Posted on | May 1, 2012 | By Administrator | 13 Comments
As we noted last week, there were many good articles in Klal Perspectives and Rabbi Eliyahu Fink who is the Rav of the Shul on the Beach in Venice singled out Moishe Bane’s article in a post on his blog.
One paragraph that Rabbi Fink quoted from Mr Bane’s article was this one:
There must be a renewed emphasis on deepening the basic social connections between members of the Orthodox community. The importance of friendships with others who share one’s values must be emphasized and facilitated. Time spent with others within the community must be encouraged. It is critical that the expansive role that observant people play in their professional and business environments does not redefine them socially, as well. Connecting with G-d begins with connecting to Klal Yisrael, and these efforts must be forged through shuls, schools and other communal organizations. Attending shiurim or learning in chaburas often provide the needed camaraderie, as do chesed endeavors, but not all Jews have access to these opportunities. Ordinary social interaction, per se, among frum Jews must also play a critical role.
Mr Bane is the former national chairman of NCSY, and currently serves as Chairman of the Board of Governors of the Orthodox Union. The OU is working hard to strengthen Shul Growth and one of their initiatives is the OU WINGS program which stands for “We Inspire New Growth Synagogues”.
WINGS is headed by Rabbi Shlomo Einhorn who is the mara d’asra of the West Side Institutional Synagogue. In the OU Wings post, it says that in the five years since he arrived at the West Side Institutional Synagogue, Shabbat morning attendance has increased from 12 to over 300.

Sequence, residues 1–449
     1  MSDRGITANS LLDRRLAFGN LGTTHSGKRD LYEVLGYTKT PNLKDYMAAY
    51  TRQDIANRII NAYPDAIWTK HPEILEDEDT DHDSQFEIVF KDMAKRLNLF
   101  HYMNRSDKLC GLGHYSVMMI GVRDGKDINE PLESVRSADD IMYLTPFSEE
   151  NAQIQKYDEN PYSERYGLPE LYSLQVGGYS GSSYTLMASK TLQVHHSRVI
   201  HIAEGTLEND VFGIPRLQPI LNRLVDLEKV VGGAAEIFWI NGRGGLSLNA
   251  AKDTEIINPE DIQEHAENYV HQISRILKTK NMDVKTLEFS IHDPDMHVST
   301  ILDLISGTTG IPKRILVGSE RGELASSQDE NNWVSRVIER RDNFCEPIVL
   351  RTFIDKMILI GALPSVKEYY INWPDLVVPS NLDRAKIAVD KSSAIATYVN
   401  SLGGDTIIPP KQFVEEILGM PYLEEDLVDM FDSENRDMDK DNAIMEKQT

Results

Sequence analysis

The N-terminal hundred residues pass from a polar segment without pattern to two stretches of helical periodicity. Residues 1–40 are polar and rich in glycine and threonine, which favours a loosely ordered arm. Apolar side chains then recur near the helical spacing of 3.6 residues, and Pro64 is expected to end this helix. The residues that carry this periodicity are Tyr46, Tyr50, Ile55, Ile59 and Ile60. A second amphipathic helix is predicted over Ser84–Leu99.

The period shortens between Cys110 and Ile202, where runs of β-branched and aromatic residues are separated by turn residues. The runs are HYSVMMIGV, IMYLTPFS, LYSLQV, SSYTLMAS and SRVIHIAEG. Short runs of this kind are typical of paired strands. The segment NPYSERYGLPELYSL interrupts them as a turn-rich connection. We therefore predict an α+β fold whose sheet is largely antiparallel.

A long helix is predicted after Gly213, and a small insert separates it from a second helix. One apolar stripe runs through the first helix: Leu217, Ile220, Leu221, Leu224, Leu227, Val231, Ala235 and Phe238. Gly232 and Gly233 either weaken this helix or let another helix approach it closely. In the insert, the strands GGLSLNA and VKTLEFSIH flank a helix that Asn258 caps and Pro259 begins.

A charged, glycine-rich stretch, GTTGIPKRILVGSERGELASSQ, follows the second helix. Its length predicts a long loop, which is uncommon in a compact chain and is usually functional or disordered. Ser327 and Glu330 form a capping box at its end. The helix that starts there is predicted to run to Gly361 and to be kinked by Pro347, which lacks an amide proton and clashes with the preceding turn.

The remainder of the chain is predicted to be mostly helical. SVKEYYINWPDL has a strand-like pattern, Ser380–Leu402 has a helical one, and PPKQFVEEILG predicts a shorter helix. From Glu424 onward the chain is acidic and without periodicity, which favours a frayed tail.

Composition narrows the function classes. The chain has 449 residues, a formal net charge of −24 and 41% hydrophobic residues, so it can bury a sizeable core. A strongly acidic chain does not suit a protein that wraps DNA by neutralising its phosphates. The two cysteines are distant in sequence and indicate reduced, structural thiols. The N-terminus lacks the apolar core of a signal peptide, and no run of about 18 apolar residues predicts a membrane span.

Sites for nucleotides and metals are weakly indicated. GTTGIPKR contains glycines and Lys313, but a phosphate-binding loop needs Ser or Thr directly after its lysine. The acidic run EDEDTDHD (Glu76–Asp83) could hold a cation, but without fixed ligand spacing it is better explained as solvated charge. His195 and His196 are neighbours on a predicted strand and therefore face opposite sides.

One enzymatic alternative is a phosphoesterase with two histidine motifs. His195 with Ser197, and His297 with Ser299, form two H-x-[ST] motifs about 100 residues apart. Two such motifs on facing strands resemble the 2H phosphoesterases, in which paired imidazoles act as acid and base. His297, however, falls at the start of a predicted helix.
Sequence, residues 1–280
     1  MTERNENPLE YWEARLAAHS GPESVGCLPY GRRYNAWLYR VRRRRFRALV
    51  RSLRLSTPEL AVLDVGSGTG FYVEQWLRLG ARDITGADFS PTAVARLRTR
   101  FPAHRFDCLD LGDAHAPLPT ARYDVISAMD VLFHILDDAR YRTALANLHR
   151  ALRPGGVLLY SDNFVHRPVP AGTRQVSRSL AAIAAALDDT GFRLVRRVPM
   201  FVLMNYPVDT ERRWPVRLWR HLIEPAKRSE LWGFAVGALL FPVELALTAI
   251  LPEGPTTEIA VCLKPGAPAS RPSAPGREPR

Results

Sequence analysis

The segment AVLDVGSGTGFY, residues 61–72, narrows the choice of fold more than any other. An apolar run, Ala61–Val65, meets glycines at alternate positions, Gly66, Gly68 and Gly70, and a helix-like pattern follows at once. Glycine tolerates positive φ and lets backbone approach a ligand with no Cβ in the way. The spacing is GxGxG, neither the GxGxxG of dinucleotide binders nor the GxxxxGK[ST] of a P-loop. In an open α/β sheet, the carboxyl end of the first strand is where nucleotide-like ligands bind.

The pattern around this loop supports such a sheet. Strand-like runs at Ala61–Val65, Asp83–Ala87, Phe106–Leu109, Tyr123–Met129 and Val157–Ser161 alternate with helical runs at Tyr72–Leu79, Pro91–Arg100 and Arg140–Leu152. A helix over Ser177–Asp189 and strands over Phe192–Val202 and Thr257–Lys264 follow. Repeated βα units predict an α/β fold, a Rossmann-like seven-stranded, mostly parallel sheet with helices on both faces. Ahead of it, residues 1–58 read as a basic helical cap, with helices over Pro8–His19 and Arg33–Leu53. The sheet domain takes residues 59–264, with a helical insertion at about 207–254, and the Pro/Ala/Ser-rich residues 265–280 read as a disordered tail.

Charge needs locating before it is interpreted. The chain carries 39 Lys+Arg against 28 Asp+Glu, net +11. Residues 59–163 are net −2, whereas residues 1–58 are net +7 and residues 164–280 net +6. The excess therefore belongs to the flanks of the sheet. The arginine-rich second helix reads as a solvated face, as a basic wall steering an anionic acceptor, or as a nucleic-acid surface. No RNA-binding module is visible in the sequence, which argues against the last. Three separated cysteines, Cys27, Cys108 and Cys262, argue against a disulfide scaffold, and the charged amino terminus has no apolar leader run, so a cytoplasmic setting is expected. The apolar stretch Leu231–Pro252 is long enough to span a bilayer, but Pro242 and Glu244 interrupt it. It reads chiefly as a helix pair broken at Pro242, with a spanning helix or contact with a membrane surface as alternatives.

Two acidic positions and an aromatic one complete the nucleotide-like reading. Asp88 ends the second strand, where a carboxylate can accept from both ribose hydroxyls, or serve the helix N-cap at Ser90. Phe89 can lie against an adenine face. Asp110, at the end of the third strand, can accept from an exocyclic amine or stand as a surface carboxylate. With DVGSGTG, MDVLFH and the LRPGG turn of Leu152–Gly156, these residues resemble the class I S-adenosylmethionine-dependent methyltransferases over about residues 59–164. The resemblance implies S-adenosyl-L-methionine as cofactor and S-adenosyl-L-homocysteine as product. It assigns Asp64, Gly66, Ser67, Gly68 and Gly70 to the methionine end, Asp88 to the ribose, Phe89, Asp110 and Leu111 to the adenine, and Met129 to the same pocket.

In the interview on his blog, Rabbi Brill writes:
Einhorn found his spirituality when he discovered the world of motivational management books and could not get enough of them. He devoured the books on how to improve one’s leadership, how to motivate those under you and how to push yourself to your potential. An action centered gregarious form of self-fulfillment in the real world. He also read Rick Warren and the other motivational Evangelical but they were only part of the broader quest for tips and ideas for self-motivation.
Rabbi Einhorn is absolutely sold on Tony Robbins’s program for fire-walking to be transformed and to release the potential within. Not only has he undergone the fire-walking seminar, he encourages other Orthodox rabbis to do the same. Einhorn has also attended Landmark seminars (a derivative from Werner Erhard’s EST) and appreciates the importance of Neuro-Linguistic Programing for motivating others. (Be prepared for ever new emphasis on emotional manipulation in the Orthodox youth organizations.-Rabbi Brill)
Here are some questions:
What are the boundaries of secular knowledge integration?
How far should we travel to meet people where they’re holding?
Can we make the Torah’s teachings more appealing to a wider audience?